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  8. Careful with that single asset class yellow metal gambling, Mr Flaxen. It may match your hair but that's about all it's good for, most of the time. Plus, try selling it if the financial system collapses (it won't). Diversification is the only true God of investment. All else is just shiny. Read http://www.greaterfool.ca/ - helpful for informed views on investing and although the specifics are Canadian, the general principles are absolutely spot on.

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    1. Why thank you, George. I will read and respond accordingly. Really, I am grateful. Look after M.

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    2. The comment was meant seriously, but thank you for the blessing of your humour :-)

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    3. My comment was meant seriously. Sorry, I thought you might be someone I knew from the past- something in the writing style..... From your reply you are not the 'George' I once knew. Again, apologises, no offence was meant.

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    4. No offence taken. Good luck with the pondering. Never try to time a market; you won't. Diversify globally, across all sectors, no single stocks, rebalance once, poss twice a year, and only check up on it once a quarter or so. You won't win every year but you should win much more often than you lose - which is why investing is different to gambling.

      Meant what I said about the blessing of your humour, too :-) . It's part of the reason I come here; that, and trenchant common sense.

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  9. Okay; don't write off stocks and shares. Just be discriminating and talk to a reputable broker. Buying in at this stage in a depressed market is a good idea as the only way is up. However;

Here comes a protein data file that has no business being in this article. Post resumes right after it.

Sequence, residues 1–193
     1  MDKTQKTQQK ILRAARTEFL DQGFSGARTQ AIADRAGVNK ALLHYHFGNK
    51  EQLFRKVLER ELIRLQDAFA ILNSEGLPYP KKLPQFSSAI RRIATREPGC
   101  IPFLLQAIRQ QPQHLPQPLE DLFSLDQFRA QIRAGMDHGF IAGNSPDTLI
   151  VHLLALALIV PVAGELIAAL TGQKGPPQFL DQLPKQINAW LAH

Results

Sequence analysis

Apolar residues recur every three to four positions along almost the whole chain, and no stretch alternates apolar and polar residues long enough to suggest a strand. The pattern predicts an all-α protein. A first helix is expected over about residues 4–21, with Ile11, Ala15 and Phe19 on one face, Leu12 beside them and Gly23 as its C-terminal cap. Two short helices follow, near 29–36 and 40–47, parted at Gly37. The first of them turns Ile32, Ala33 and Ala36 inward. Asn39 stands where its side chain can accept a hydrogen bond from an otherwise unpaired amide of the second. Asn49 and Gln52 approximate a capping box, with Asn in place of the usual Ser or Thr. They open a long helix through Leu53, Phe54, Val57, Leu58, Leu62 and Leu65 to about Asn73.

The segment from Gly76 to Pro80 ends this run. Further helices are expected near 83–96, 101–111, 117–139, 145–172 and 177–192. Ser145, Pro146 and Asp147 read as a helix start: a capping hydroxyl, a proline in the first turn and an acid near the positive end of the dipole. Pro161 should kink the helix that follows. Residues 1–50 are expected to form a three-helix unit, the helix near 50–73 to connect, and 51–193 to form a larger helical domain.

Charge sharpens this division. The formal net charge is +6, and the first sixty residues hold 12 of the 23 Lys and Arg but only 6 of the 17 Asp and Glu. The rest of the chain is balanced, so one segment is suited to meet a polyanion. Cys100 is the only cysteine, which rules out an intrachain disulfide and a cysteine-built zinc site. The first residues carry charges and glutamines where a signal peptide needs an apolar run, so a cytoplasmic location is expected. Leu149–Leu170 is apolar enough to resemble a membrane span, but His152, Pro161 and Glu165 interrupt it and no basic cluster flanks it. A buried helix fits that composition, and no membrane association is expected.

Only buy stocks paying a 3%+ dividend. It means slower growth overall, but the dividend will offset any minor losses and regularly add to your pension pot. Leave the high risk stuff to others. Energy utilities and banks tend to be safer bets. People need money and to keep warm. Those stocks will never go out of style, so unless there's a bloody good reason to sell, like you're planning to do a bunk with a suitcase of cash, don't.

    I had to sell off my bullion when we moved out of Canada, making a 24% gain over three years. So watch those spot prices for a dip and keep a close eye on the five year trends. Buy low, sell high and don't look back.

    Mrs S and I only lost $50K in March and have since made back most of our losses, which can be offset against taxes next year. Read Warren Buffett and you won't go far wrong.

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  10. Thanks Bill. I need to do my research and due diligence. This investing lark is way too complex for a simple Tipton lad. Interestingly, my son dabbles in the market and does rather well. He has suggested I do the same. I suppose I shouldn't listen to the 'Doomsayers' on YouTube preaching imminent financial collapse.